U.S. Chamber of Commerce, Microsoft Launch 30-City Small-Business Technology Symposium

WASHINGTON, Oct. 28, 1997 — The U.S. Chamber of Commerce and Microsoft Corp. today launched Small Business Crossings: Seminar and Expo for Strategic Decisions, a technology symposium for small businesses. Each of the one-day events features keynote presentations by local small-business leaders, breakout sessions on key technology topics, and an exposition to provide small businesses with information and “hands-on” experiences that illustrate how technology can help them better serve their customers and compete effectively. Sponsored by Compaq Computer Corp., Great Plains Software Inc., GTE Corp., Seagate, and over 50 other national and local technology companies, the events will take place in 30 cities over eight months. They are expected to reach more than 70,000 small businesses.

Each symposium will include seminars, demonstrations and discussions that will address the key technology needs and trends faced by small businesses today, including these:

  • Accounting for Small Businesses

  • Electronic Commerce – Doing Business on the Internet

  • Small Business Policy Issues

  • Personnel/Human Resources

  • The Changing Marketplace

Tom Donohue, president and CEO of the U.S. Chamber of Commerce; Aida Alvarez, administrator of the U.S. Small Business Administration; and Bill Gates, chairman and CEO of Microsoft, together announced the series of symposiums designed to help entrepreneurs recognize the value of technology.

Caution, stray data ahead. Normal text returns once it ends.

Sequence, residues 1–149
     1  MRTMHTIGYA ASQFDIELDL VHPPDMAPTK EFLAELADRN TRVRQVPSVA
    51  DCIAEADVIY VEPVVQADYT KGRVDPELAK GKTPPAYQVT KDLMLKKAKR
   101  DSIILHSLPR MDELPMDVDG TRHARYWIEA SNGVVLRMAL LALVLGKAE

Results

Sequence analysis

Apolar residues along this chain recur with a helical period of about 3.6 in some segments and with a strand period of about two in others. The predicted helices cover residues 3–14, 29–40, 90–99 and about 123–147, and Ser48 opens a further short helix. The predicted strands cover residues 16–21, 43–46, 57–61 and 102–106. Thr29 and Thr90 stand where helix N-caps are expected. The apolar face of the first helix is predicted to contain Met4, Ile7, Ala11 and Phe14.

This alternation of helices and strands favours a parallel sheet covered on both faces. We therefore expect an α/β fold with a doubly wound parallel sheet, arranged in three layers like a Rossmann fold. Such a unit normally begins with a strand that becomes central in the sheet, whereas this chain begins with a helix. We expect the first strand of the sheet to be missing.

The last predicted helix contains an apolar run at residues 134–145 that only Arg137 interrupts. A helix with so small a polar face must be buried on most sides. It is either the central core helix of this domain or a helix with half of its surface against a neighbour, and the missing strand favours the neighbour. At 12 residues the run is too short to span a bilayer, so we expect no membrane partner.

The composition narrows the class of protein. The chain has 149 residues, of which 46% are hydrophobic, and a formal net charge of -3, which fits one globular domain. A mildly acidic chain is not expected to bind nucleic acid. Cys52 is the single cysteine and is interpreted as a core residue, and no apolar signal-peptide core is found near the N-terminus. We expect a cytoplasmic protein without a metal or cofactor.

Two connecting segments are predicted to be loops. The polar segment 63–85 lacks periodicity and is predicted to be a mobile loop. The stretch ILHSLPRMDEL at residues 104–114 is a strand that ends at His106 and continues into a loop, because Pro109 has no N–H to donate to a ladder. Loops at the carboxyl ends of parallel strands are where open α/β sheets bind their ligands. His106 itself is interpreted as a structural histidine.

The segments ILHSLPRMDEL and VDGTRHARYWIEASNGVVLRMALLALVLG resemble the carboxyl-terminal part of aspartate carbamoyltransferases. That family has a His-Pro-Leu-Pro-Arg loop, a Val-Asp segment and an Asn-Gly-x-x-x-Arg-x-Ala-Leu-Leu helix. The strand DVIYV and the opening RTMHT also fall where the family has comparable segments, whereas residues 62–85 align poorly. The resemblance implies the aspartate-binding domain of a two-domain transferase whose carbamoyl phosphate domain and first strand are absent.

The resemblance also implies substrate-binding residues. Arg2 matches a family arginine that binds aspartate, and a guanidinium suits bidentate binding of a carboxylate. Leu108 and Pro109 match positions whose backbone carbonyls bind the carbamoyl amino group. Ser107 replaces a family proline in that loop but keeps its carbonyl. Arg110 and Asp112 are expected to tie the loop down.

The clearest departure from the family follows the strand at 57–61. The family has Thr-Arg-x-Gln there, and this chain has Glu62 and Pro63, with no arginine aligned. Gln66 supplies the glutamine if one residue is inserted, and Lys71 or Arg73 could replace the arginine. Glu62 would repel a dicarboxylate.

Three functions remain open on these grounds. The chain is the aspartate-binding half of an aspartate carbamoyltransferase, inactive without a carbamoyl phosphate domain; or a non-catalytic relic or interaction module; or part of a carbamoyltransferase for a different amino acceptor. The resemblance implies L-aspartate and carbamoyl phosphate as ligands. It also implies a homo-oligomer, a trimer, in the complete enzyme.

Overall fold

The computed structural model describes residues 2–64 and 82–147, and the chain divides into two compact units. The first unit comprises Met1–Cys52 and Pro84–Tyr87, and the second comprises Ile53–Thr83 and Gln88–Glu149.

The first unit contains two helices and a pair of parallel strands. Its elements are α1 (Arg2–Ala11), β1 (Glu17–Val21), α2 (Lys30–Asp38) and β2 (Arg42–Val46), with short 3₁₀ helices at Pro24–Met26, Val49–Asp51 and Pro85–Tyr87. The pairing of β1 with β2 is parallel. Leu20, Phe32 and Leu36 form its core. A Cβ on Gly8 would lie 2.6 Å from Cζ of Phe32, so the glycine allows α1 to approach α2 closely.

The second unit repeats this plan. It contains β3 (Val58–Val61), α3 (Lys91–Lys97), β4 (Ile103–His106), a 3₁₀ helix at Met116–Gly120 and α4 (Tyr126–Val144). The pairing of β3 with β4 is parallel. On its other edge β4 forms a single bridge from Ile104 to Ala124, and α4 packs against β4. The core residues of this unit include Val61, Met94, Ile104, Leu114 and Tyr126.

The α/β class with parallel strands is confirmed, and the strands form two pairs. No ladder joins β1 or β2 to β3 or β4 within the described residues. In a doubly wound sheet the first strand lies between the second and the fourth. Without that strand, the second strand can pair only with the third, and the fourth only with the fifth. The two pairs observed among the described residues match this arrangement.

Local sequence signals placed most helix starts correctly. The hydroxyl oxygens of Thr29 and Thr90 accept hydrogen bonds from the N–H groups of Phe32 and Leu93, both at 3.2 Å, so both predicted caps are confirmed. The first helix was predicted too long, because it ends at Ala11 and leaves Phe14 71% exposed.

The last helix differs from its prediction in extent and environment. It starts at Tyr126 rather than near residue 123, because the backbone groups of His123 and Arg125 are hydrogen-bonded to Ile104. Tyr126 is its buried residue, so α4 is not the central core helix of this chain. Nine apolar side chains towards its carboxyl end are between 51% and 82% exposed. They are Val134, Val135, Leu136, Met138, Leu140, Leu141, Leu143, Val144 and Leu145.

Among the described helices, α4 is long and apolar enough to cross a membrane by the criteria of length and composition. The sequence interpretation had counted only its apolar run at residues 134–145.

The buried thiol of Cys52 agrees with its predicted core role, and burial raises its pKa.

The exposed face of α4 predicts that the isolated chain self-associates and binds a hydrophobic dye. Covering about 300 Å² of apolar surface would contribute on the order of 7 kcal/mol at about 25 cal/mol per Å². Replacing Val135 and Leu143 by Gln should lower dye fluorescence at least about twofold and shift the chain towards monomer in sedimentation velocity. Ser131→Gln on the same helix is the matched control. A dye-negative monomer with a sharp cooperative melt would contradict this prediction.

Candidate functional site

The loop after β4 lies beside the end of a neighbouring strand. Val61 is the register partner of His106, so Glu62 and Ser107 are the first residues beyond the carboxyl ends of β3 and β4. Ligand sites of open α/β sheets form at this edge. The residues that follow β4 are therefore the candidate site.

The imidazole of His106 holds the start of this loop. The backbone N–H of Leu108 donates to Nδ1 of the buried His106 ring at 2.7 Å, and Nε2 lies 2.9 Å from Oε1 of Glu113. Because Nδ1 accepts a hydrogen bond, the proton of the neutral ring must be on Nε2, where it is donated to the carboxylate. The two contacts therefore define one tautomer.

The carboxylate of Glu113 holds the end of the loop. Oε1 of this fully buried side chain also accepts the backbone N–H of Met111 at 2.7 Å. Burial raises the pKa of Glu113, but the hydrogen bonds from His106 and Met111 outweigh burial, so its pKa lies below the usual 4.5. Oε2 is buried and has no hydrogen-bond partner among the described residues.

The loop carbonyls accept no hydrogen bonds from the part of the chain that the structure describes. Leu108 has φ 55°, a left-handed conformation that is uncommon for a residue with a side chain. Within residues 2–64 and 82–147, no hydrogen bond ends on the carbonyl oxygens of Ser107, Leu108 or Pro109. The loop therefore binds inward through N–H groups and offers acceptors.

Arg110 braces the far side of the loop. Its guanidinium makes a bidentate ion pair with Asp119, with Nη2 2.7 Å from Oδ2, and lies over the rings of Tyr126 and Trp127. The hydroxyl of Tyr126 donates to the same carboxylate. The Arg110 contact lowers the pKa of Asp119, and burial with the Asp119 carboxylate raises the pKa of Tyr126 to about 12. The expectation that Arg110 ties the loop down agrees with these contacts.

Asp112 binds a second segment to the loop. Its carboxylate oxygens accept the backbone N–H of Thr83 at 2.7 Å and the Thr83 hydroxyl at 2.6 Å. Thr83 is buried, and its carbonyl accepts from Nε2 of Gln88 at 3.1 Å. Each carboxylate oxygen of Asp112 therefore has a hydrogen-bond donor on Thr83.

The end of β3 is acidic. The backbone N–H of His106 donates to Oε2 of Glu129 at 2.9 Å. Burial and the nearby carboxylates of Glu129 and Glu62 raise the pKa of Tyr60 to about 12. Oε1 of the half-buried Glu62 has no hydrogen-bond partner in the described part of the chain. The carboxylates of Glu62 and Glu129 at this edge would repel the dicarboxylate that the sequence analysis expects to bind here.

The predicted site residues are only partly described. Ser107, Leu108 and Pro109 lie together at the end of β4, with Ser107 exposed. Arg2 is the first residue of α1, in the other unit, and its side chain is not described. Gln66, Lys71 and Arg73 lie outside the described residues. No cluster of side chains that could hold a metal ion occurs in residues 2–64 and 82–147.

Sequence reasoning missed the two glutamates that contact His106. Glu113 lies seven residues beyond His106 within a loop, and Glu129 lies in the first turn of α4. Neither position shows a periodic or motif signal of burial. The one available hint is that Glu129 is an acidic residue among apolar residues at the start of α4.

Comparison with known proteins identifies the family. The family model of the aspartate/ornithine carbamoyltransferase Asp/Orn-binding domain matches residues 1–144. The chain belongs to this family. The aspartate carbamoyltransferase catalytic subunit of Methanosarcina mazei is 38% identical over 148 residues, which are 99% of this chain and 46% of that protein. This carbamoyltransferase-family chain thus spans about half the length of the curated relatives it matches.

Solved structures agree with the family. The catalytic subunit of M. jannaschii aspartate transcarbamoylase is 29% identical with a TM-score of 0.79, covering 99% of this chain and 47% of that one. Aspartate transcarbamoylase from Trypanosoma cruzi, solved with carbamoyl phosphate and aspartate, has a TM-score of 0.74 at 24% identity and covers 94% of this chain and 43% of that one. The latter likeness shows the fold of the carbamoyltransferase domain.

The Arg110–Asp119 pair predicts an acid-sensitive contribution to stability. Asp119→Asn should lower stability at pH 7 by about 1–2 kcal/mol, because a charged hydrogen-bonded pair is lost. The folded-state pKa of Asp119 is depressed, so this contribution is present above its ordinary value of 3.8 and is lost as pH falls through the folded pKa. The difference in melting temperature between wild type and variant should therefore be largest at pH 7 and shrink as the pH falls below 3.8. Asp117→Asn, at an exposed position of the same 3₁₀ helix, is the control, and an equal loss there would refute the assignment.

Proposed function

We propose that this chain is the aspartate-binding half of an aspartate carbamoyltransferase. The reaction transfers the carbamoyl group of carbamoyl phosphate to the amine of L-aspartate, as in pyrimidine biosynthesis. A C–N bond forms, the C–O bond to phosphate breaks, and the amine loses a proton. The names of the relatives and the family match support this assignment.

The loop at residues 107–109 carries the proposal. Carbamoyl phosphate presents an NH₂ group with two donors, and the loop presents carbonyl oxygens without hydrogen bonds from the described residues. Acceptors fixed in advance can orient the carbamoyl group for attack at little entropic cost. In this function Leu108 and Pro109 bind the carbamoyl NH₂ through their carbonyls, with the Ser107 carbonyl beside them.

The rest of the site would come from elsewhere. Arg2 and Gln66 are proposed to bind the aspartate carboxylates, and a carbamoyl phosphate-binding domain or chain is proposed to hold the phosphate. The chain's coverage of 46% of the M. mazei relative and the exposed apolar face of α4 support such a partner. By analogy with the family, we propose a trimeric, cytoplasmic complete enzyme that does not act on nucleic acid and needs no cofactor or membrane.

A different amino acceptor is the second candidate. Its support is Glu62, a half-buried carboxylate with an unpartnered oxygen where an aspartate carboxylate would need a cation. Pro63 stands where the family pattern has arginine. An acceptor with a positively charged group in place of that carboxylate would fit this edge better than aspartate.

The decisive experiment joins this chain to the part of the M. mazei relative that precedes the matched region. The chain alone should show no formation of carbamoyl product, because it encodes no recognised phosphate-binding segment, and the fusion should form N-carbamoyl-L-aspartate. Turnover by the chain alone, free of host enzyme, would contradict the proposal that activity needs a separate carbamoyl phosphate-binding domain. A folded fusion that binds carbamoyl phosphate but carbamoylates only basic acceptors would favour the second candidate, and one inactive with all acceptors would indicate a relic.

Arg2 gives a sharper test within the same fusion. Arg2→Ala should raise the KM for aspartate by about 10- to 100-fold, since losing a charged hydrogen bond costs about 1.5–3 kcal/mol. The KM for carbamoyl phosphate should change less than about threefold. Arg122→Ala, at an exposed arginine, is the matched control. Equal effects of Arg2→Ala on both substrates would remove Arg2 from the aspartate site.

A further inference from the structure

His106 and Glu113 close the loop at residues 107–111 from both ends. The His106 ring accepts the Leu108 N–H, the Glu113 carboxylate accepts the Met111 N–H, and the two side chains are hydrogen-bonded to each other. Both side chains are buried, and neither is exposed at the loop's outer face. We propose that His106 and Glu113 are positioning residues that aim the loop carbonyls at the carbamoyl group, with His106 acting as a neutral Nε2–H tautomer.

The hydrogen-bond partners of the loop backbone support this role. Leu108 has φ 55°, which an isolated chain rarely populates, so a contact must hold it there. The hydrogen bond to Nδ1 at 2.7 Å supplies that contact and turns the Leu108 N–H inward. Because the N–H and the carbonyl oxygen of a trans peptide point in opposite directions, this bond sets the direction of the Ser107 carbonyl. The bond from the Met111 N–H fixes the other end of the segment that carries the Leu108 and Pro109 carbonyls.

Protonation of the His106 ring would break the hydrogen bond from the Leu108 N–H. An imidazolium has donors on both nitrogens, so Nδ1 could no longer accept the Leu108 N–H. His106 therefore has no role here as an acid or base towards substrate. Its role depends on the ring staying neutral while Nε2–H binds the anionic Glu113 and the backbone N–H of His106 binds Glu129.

Small Businesses See Computers as Reactive Resource

The U.S. Chamber teamed with Microsoft to develop the events because many entrepreneurs are unclear about the value of technology in a smaller environment. Research by Business Research Group Inc. (BRG) commissioned by the U.S. Chamber and Microsoft showed that while small businesses seem to recognize the value of technology, they are unclear about how it applies to them.

“Several major trends are forcing small businesses to increase their use of technology,” Donohue said, citing research that showed rising demands of customers and business partners as key driving factors. “Most small businesses use computers reactively, rather than proactively. Today, however, a minimum level of technology usage is absolutely essential for any business.”

Gates agreed, pointing out that among other changes, the Internet is raising expectations for service from smaller organizations. “Personal computers have helped small businesses by leveling the playing field in many ways,” he said. “But an increasingly sophisticated marketplace, along with the Internet, is expanding many small organizations’ dependence upon technology just to meet basic customer and partner demands.”

For additional information about the events, registration or the event schedule, visit the Microsoft® Small Business Web site at http://www.microsoft.com/smallbiz/ .

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Crossings Cities/Dates

SeattleJan. 14

PhiladelphiaJan. 22

BaltimoreJan. 28

MinneapolisFeb. 3

DetroitFeb. 10

AtlantaFeb. 18

Sacramento, Cailf.Feb. 25

IndianapolisMarch 4

Tampa, Fla.March 11

Columbus, OhioMarch 18

Secaucus, N.J.March 25

MilwaukeeApril 2

New OrleansApril 8

PittsburghApril 16

Salt Lake CityApril 21

ClevelandApril 29

BostonMay 7

Oklahoma CityMay 13

Norfolk, Va.May 20

PhoenixMay 28

San FranciscoJune 11

HoustonJune 16

DenverJune 24

St. LouisJune 30

WashingtonOct. 28

New YorkNov. 6

San DiegoNov. 13

Buffalo, N.Y.Nov. 19

ChicagoDec. 3

Los AngelesDec. 11

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